In a recent article between the Guardian and Gleam Futures, they admitted that for their roster 'in this new bare-all era, being authentic – or at least appearing so – is vital’ – and I couldn’t agree more.

Gleam is one of the most recognised talent agencies in the world, having helped grow the first generation of UK influencers including Zoe Sugg, Jim Chapman and In the Frow. What’s interesting is the fact that a talent agency, defined by the money they make from their influencers, know that the authentic approach is good for business.

How? Because if we see an influencer ‘authentically’ talking about a brand and engaging with it outside of paid for promotion, and taking the time to get to know the team behind the brand, then brands are likely to invest in paid-for content because the influencer is genuine and their audience more engaged.

We recently demonstrated this authentic approach with our client ASUS, where we targeted influencers who had a desire to work with the brand, an interest in tech and were ultimately the target audience.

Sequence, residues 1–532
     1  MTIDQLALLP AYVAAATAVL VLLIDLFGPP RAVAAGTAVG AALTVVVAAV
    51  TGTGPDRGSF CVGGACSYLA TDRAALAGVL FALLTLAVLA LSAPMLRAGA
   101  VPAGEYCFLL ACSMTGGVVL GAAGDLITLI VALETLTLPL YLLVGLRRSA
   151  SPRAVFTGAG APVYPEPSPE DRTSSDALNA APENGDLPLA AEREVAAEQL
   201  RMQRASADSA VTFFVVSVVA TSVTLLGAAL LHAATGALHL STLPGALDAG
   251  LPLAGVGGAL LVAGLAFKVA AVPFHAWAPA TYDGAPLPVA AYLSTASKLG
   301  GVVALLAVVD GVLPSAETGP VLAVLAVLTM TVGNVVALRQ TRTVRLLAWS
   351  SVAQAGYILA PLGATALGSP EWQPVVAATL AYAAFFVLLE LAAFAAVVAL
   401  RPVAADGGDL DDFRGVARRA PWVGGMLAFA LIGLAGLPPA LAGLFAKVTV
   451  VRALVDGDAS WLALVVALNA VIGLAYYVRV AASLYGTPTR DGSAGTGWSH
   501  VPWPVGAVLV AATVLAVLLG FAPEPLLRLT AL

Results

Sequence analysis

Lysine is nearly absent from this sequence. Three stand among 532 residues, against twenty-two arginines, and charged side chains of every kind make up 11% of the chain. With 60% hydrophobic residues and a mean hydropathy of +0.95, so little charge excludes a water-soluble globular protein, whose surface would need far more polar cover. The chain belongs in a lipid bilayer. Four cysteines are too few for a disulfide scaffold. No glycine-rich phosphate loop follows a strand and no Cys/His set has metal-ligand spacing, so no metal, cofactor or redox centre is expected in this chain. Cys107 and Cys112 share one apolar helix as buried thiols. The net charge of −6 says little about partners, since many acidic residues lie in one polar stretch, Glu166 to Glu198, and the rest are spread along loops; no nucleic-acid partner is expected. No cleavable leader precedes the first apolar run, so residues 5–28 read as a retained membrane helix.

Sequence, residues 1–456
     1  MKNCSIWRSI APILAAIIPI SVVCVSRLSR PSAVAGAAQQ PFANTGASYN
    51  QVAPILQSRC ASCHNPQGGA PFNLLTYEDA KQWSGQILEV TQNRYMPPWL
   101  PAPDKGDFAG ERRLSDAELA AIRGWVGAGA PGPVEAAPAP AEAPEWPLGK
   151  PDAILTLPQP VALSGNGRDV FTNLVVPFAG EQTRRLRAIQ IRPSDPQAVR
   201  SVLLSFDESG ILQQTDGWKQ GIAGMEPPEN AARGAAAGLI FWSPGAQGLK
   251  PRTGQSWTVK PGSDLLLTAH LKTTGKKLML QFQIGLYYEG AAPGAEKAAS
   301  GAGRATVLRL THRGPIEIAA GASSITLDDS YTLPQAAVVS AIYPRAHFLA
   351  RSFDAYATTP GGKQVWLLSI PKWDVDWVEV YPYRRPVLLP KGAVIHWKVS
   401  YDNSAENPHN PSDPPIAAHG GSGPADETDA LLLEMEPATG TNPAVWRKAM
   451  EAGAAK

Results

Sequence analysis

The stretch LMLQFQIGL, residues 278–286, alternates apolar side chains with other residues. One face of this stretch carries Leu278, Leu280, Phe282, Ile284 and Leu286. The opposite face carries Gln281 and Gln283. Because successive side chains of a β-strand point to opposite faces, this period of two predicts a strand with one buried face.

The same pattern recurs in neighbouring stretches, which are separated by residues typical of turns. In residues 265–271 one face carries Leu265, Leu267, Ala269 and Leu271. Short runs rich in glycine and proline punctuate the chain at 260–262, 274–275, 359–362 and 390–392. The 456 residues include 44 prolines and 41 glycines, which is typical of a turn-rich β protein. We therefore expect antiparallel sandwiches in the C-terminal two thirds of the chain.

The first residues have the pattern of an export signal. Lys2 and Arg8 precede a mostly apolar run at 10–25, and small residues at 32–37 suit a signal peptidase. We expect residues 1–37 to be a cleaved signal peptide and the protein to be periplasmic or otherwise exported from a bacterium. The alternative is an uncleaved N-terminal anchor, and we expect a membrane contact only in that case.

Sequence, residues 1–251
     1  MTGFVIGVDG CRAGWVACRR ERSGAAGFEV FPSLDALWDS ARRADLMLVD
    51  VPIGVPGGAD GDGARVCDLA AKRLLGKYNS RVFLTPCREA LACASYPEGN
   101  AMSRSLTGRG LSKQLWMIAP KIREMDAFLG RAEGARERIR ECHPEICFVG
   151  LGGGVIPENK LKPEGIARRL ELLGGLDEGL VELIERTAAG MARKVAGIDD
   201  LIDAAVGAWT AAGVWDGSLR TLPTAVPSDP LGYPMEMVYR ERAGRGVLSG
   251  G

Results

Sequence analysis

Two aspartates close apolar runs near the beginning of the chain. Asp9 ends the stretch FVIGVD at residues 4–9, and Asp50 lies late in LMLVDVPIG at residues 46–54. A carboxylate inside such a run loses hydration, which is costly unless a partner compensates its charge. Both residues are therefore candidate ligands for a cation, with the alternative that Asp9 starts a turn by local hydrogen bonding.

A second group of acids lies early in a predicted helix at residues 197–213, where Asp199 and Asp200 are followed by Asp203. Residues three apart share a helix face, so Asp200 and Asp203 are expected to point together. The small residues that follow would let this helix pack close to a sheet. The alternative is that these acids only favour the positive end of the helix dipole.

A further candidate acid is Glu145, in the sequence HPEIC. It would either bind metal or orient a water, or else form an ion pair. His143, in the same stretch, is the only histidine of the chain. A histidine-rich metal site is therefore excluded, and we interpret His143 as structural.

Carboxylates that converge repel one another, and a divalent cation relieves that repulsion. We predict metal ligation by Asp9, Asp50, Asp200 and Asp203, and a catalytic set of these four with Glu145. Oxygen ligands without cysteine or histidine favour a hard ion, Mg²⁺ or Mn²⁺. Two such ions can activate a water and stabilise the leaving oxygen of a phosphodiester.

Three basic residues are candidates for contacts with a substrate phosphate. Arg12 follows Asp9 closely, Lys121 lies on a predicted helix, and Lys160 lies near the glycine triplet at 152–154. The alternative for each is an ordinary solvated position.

The results were impressive; 10 Instagram grid posts, 32 Instagram stories, 29 hashtag mentions, 39 brand mentions, 16,401 engagements to-date and a potential reach of 15,317,800! We did this strictly through gifting ASUS VivoBook laptops, no sponsored content – just genuine, authentic posts. Now we know we can build on this success with paid-for activity.

It’s no lie that when plans and budgets are created, there’s now a dedicated line for ‘influencers’ as a separate entity in itself and this isn’t about to change. Influencer relations tactics might, but the potential results are impressive when activity is handled, authentically.